For grants with a three-year project period, grantees must submit a performance report at the end of each project year and are eligible for a continuation award at the end of the first and second project years based on the two-tiered funding formula in the 2004 Notice of Final Requirements published in the Federal Register on March 3, 2004 (69 FR 10110). The second and third year's continuation funding is contingent on the grantee making substantial progress in performing the previous year's consortium activities and in attaining the outcomes identified in the approved consortium application. Grantees must submit their final summary evaluation report at the end of the third project year.
This notice does not preclude us from proposing additional priorities, requirements, definitions, or selection criteria, subject to meeting applicable rulemaking requirements.
This notice does not solicit applications. In any year in which we choose to use this requirement, we invite applications through a notice in the Federal Register.
Executive Orders 12866 and 13563
Regulatory Impact Analysis
Under Executive Order 12866, the Secretary must determine whether this regulatory action is ”significant” and, therefore, subject to the requirements of the Executive order and subject to review by the Office of Management and Budget (OMB). Section 3(f) of Executive Order 12866 defines a “significant regulatory action” as an action likely to result in a rule that may—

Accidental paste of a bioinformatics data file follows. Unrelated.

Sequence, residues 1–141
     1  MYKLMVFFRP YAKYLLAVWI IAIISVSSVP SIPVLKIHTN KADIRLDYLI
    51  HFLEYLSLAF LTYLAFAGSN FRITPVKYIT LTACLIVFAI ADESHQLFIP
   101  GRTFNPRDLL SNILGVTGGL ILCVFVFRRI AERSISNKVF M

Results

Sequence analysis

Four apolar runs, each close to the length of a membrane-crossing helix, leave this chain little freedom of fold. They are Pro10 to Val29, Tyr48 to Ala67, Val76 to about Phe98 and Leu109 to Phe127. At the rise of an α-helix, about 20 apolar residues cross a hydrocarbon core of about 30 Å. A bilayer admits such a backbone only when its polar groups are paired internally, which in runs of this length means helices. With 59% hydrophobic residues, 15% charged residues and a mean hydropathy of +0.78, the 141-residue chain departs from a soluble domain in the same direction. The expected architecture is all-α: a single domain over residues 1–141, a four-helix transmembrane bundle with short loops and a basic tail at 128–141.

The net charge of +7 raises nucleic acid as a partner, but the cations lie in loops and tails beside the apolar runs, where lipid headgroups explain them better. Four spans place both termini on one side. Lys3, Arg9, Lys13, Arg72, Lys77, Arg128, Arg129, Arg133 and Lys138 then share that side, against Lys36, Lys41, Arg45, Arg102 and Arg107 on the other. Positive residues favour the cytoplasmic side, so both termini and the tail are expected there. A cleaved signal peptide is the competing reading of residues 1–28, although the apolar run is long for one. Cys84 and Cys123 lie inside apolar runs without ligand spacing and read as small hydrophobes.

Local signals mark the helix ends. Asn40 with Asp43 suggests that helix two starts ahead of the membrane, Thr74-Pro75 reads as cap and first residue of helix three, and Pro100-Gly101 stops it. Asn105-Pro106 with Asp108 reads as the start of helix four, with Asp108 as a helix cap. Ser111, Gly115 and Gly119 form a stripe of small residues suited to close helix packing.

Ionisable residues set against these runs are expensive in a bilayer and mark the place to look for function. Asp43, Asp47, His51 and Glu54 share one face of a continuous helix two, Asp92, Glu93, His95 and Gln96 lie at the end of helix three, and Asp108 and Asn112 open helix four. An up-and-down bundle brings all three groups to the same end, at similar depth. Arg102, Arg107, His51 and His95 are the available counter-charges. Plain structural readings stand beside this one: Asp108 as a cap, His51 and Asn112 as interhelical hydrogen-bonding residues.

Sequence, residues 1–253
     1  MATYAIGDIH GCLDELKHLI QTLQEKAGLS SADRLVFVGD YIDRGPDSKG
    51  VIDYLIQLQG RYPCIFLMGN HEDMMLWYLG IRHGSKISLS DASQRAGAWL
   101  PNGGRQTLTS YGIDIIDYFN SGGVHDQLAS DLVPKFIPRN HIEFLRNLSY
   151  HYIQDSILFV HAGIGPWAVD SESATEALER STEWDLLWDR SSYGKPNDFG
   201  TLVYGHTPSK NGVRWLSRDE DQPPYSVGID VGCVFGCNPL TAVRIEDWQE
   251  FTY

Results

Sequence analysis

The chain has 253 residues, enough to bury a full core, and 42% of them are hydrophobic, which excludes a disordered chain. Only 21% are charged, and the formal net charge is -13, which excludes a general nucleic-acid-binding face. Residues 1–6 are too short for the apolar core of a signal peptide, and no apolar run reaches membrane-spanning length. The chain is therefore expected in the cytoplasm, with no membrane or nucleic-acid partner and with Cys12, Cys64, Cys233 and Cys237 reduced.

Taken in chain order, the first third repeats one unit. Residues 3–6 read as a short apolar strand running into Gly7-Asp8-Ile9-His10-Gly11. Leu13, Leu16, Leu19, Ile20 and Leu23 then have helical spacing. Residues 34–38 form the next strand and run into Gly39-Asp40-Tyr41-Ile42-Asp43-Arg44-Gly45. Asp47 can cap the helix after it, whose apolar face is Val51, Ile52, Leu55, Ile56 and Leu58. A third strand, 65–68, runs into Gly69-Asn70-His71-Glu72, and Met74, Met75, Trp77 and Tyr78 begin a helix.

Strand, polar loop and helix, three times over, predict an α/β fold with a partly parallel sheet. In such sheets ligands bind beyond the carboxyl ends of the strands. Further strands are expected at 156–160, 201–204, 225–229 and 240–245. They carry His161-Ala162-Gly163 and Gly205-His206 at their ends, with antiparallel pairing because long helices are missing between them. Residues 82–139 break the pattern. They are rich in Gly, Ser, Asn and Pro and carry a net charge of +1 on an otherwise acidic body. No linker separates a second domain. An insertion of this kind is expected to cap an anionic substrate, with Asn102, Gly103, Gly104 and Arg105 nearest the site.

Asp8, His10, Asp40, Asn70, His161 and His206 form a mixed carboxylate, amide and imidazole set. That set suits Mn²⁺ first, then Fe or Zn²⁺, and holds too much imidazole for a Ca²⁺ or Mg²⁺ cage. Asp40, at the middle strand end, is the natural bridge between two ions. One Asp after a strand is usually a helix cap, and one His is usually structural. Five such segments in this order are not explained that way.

(1) Have an annual effect on the economy of $100 million or more, or adversely affect a sector of the economy, productivity, competition, jobs, the environment, public health or safety, or State, local or tribal governments or communities in a material way (also referred to as an ”economically significant” rule);
(2) Create serious inconsistency or otherwise interfere with an action taken or planned by another agency;
(3) Materially alter the budgetary impacts of entitlement grants, user fees, or loan programs or the rights and obligations of recipients thereof; or
(4) Raise novel legal or policy issues arising out of legal mandates, the President's priorities, or the principles stated in the Executive order.
This final regulatory action is not a significant regulatory action subject to review by OMB under section 3(f) of Executive Order 12866.
We have also reviewed this final regulatory action under Executive Order 13563, which supplements and explicitly reaffirms the principles, structures, and definitions governing regulatory review established in Executive Order 12866. To the extent permitted by law, Executive Order 13563 requires that an agency—
(1) Propose or adopt regulations only upon a reasoned determination that their benefits justify their costs (recognizing that some benefits and costs are difficult to quantify);
(2) Tailor its regulations to impose the least burden on society, consistent with obtaining regulatory objectives and taking into account—among other things and to the extent practicable—the costs of cumulative regulations;
(3) In choosing among alternative regulatory approaches, select those approaches that maximize net benefits (including potential economic, environmental, public health and safety, and other advantages; distributive impacts; and equity);
(4) To the extent feasible, specify performance objectives, rather than the behavior or manner of compliance a regulated entity must adopt; and